Larry Bohan said...

It almost seems to be human nature to relate new things that we encounter to past experiences. Every time a person uses a phrase such as, "That reminds me of when," that person is relating something current to past events. Like Megan said, even if the futurists succeeded in destroying history in its physical form, they would not be able to erase the events and ideas from people's minds. Anything that generation taught to the next generation would still be tainted with ideas from the past. History would continue to be passed on orally, whether it is intentional or not.

Jennifer Zupicich said...

I think Larry's comment "It almost seems to be human nature to relate new things that we encounter to past experiences" is very true and really resonates with what we were talking about in class today. We discussed in class how we are always changing, and that even looking at a single, inanimate object from different points of view will affect the way we look at it because of the fact that we just viewed it from different angles and have established a new, more informed point of view from our past experiences. I believe this is very true, and so, as a result, I also believe that “No single event, no single literature, is adequately comprehended except in its relation to other events, to other literatures…” The literature of today, as well as the events that take place today, are all "influenced by the ideas that came before us," which Megan wrote. The way in which we view the world is influenced by many different aspects- parents, friends, school, peers, knowledge of what has been done in the past, etc. If we know something has worked in the past, and we are successful at it, we will do it again. Why reinvent the wheel? However, if we know that something in the past has not worked, then we will not repeat the failed action. We learn from the past, which, in turn, not only allows us, but helps us to grow as people.

Catherine Himberg said...

I believe Arnold’s claim that “No single event, no single literature, is adequately comprehended except in its relation to other events, to other literatures…” is an important observation. If anything is isolated completely the relevance and complexity of it are lost with the context. The relationship to the past is also important because it helps us move forward, without it we would have no gauge of progress. I like Larry’s idea that it is “human nature to relate new things that we encounter to past experiences.” It reminds me of the saying “Those who cannot learn from history are doomed to repeat it.” Futurists that are so intent on destroying the work of the past may actually be heading the possible growth of the future by wasting time remaking mistakes and as Jennifer says “reinvent[ing] the wheel.”

Bailey said...

I agree with everything that's been said thus far, and I also think that the past is important for us to learn from. Furthermore, I think it would be impossible to erase society's past and start anew.
But to create some type of argument, another important perspective could say that 'good' art should be able to stand alone. Speaking in terms of literature, a poem or novel should have the ability to be read alone without ties to the past; or at least be read without the need for historical knowledge. This isn't to say that the writing itself is no longer influenced by the past, but that maybe the reader isn't always required to read the text and relate it to its historical context. You see the word 'timeless' associated with good literature or popular literature constantly, and I think this idea of 'timelessness' should be taken into consideration. I think many pieces of writing can be read without being generalized into one section of history. And I don't always find it necessary to use history to critique or dissect the writing.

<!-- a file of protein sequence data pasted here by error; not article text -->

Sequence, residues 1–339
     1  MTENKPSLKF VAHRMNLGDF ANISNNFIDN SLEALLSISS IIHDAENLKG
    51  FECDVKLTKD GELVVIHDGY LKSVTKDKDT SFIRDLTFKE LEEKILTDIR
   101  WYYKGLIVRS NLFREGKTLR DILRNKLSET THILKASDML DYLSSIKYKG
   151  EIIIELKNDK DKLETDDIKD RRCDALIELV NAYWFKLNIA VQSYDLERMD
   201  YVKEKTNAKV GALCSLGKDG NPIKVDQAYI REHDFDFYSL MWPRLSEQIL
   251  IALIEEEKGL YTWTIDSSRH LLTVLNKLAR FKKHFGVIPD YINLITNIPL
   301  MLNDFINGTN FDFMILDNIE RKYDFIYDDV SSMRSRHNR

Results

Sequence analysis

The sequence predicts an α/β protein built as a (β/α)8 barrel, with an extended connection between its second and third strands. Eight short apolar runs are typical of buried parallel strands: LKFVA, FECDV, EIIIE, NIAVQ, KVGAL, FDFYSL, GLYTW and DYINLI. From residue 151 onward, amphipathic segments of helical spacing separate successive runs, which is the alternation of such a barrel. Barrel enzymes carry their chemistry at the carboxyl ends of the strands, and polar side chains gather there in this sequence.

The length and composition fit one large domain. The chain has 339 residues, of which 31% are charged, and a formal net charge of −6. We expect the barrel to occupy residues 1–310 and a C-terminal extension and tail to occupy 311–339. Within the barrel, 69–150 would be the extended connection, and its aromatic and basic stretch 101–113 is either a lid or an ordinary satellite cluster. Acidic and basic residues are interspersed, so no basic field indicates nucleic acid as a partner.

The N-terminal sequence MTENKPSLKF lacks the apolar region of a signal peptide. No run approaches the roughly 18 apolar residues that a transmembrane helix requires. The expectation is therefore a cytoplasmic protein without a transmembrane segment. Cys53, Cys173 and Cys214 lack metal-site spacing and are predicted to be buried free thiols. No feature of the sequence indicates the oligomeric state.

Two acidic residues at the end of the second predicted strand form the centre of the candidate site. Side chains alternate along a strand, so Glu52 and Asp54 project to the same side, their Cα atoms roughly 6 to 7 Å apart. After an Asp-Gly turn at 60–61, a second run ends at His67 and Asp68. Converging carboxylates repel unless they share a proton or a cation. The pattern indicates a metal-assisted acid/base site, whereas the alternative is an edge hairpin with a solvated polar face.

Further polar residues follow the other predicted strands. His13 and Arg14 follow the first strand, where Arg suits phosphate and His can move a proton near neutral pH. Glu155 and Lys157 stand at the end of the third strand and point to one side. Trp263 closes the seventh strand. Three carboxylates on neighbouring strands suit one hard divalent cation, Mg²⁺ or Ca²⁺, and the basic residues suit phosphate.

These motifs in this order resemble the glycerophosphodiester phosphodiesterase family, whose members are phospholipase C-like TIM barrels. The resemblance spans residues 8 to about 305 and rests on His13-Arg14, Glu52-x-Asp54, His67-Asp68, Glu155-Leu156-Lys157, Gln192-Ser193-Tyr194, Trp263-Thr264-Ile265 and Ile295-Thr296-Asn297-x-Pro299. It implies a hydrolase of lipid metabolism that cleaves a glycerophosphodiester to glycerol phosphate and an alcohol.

To summarize, although I think the past always has some effect on literature, I don't think that it is always necessary to associate the literature with the past that inspired it.

Andrew Vives said...

I, agree that Arnold's definition of what it means to be modern is a god one, but for a second let’s look at Arnold's concept of the modern and apply it to today. Is our current society even a modern one? Most people would probably say that it is. However current day society isn't much like what Arnold had in mind.

Arnold suggests that the modern is a trend that always appears in history, in some form or another and points out what he feels are the modern ages of man; historically however let’s not forget that the idea of the modern was a negative one. War is everywhere, most people are rather close minded, and in my opinion very few people have an actual desire, or any bit of "Zeal" to pursue learning, education is simply a means to an end. so are we living in a modern age, not according to Arnold.

I feel that Arnold struggles to create a concept of what it means to be modern, not through any lack of his but through his unwillingness to disregard the past, in his unwillingness to disregard the past I feel that Arnold loses the ability to ever truly create something new. And maybe the modern movement was simply the inevitable decline of the west?

I guess I don't really agree with Arnold, I think it's better to make something new then hold onto the outdated traditions of antiquity.

mike ryan said...